|SAs just described, more seems to be going on in the
distillate markets than the change to ULSD.
This section will look back at history, quickly focusing on the
Atlantic Basin to gain some insights into what history is telling us about
|STransportation has been the primary driver behind petroleum
product demand growth, and it is perhaps the least sensitive to price and
fuel substitution effects in the short run if not also the long run.
|SCAFÉ standards, enacted in the U.S. in 1975, gave rise to
substantial efficiency improvements in light-duty vehicles, and were the
major factor behind a decline in gasoline demand seen in the early
1980s. Today, however, the easy
efficiency improvements seen in the early 1980s are gone. Efficiency improvements are still possible,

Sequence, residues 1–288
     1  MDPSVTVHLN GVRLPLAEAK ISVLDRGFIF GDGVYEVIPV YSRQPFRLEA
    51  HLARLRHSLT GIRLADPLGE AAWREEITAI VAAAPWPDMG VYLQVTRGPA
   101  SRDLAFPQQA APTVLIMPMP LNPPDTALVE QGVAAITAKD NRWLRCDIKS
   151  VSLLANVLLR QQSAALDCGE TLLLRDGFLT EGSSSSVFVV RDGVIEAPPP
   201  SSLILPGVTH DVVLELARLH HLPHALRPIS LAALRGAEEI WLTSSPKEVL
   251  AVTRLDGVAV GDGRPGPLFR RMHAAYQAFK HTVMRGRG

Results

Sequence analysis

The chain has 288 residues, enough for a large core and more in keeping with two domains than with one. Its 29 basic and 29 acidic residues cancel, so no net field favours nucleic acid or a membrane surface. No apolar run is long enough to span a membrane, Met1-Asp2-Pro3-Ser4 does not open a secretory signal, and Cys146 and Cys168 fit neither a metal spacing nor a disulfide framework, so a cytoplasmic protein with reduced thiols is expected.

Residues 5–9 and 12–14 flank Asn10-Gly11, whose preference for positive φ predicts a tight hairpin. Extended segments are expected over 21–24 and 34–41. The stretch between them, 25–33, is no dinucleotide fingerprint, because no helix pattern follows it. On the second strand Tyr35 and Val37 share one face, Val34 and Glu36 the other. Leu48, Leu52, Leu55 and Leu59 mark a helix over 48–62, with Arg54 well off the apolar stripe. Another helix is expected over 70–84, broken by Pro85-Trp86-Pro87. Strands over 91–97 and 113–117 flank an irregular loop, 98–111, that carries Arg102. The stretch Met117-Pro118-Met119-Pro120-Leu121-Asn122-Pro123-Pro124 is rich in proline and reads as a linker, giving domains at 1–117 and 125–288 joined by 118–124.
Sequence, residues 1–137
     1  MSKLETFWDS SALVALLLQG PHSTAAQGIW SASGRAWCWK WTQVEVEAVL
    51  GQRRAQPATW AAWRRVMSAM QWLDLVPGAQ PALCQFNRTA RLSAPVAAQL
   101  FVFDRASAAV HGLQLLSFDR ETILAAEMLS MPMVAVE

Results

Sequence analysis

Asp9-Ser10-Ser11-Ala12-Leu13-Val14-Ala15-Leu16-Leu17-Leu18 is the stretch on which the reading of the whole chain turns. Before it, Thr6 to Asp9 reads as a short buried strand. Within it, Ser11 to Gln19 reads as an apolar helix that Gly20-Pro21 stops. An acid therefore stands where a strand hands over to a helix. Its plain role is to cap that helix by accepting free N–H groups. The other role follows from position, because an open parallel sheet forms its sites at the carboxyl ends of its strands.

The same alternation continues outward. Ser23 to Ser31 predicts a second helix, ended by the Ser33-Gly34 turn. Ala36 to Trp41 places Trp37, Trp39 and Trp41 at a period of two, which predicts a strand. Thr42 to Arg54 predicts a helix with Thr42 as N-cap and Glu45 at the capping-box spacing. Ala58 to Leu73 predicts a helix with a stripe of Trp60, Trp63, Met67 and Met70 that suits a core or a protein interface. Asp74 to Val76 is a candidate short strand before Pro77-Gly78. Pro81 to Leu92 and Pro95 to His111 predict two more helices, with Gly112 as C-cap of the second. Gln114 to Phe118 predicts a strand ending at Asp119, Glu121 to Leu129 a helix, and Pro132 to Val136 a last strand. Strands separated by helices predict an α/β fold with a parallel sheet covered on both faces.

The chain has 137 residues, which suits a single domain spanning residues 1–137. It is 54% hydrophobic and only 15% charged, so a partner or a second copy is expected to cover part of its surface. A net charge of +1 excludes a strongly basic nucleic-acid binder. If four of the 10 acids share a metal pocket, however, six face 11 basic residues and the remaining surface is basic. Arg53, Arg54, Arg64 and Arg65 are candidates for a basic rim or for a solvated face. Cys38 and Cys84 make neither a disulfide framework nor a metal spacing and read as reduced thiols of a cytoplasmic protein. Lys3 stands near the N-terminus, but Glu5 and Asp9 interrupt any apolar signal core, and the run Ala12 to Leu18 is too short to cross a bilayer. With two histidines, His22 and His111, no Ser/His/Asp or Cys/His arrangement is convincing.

but we are likely to see less impact in the short run than we saw in the
|SDistillate demand, driven largely by diesel transportation
use, has grown worldwide more strongly than gasoline. While heavy-duty vehicle use drives U.S.
demand for diesel, diesel-fueled light duty vehicles are playing a large role
|SToday, the large Asian economies of China and India are
accounting for much of the growth in both gasoline and distillate. They are being driven by economic
development. Barring a recession, that
growth may be difficult to stem.
|SBut a major region that seems to be driving distillate
ahead of gasoline in the world is Europe.